It’s been a while since we’ve sat down to write and contribute anything to the blog. It’s not really been that we’re busy, though we keep ourselves sufficiently occupied. Really the reason is that most days are pretty much the same around here and nothing much prompts us to sit down and write.
Here’s a quick little summary of a regular day around here:
- up around 6:30 or 7
- coffee, breakfast and get Titay ready for school
- walk Titay up the hill for school for an 8:30 start
- deal with email
- some compound clean-up
- check in with management staff here at the home
- various meetings, planning sessions, computer work until about noon
- “Baba School” with Titay for an hour or so after lunch
- work on various projects around compound
- spend some time with the kids when they come back from school
- begin preparing dinner
- dinner and clean-up
- Titay off to bed
- some time to relax before we’re in bed, often by 9pm
Mix in some studying of Amharic, our Amharic classes and a little variety on the weekend, and that’s our life.
Unfortunately, today was not a regular day.
In the last blog post, we wrote about a couple of cases that we were dealing with here at the home. One involved a girl who we have been unable to accept because she is HIV positive. Not long after we wrote about that story, the little girl’s grandmother passed away. Richelle has been periodically visiting with that family to check that the girl is receiving ARVs.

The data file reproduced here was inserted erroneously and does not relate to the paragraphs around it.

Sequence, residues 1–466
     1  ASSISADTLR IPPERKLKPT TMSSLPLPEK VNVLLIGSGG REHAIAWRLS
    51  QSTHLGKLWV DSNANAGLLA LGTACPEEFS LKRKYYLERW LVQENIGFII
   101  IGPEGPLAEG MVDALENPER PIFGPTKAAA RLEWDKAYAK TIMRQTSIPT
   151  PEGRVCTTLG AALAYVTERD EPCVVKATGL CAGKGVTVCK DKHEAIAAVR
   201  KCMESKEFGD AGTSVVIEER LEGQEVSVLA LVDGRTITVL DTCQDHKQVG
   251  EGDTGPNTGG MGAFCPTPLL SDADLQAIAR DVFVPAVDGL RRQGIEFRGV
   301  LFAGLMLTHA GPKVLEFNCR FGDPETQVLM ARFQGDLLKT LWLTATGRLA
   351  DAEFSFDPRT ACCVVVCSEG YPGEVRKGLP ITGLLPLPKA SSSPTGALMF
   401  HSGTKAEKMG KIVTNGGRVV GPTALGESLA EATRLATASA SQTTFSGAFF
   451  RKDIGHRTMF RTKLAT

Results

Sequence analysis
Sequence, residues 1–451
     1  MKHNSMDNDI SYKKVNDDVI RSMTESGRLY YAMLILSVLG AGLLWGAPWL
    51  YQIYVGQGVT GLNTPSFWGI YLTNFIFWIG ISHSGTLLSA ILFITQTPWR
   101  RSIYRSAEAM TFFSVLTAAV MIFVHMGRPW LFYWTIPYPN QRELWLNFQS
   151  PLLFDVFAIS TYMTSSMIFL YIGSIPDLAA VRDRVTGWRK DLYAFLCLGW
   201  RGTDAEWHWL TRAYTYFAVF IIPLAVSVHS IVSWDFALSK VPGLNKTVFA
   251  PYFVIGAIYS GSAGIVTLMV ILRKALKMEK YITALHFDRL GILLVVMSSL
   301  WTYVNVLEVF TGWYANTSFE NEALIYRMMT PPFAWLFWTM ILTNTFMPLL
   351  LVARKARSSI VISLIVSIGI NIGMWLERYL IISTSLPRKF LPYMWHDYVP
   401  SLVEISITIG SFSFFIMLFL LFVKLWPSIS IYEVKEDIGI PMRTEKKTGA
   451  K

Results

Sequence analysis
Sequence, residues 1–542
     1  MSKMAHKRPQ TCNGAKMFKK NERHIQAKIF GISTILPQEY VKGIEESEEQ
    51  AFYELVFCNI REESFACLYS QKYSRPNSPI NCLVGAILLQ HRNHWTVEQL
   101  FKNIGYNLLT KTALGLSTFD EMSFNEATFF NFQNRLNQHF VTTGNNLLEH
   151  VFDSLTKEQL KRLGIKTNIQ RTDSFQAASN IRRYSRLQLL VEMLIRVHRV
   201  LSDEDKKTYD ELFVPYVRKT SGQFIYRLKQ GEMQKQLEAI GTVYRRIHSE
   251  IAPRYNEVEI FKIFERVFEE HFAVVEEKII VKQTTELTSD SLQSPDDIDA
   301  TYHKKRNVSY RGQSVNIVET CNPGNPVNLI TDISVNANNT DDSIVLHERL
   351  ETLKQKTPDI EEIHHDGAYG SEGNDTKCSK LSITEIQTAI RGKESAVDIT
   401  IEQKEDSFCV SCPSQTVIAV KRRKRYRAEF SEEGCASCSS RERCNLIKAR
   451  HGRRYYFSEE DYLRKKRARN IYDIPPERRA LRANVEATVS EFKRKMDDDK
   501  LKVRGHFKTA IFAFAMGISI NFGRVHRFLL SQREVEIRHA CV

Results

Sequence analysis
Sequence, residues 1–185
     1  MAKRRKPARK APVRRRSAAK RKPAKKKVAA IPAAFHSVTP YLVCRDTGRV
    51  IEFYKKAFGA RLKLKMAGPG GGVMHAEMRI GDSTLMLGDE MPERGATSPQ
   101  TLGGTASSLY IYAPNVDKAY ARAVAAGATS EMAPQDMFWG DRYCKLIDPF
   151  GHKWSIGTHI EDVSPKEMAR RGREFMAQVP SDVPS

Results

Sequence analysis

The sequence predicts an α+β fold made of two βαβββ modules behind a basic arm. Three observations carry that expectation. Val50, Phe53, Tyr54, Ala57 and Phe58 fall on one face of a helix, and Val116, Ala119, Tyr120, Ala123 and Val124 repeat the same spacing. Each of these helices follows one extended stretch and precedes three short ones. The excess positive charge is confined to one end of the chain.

The second story we wrote about involved a large family in the countryside living with their mother at their grandfather’s home because they had run away from an abusive husband / father. Shortly after we wrote about that story, we accepted two of the children from that family to the orphanage at the request of the mother, grandfather and local government. The grandfather, a small sustenance farmer, was unable to feed all the people under his roof. Two other children from the family are living with a relative here in town, leaving five children living at the grandfather’s house.
We don’t know the details. We’re not sure if she returned to him, or if he came and found her at her father’s house. Either way, this morning we learned the news that the mother of these children was murdered by her husband last night. Ethiopian culture involves a very indirect way of communicating tragic news like the death of a loved one. The news was not broken to the children here this morning. Instead, they were washed and dressed by the Nanny Nurse, and then taken with a staff member, together with the older siblings who live here in town, to the grandfather’s house to be together with the family in mourning. They will return here this evening.
Unfortunately, it’s the irregular days that create blog posts.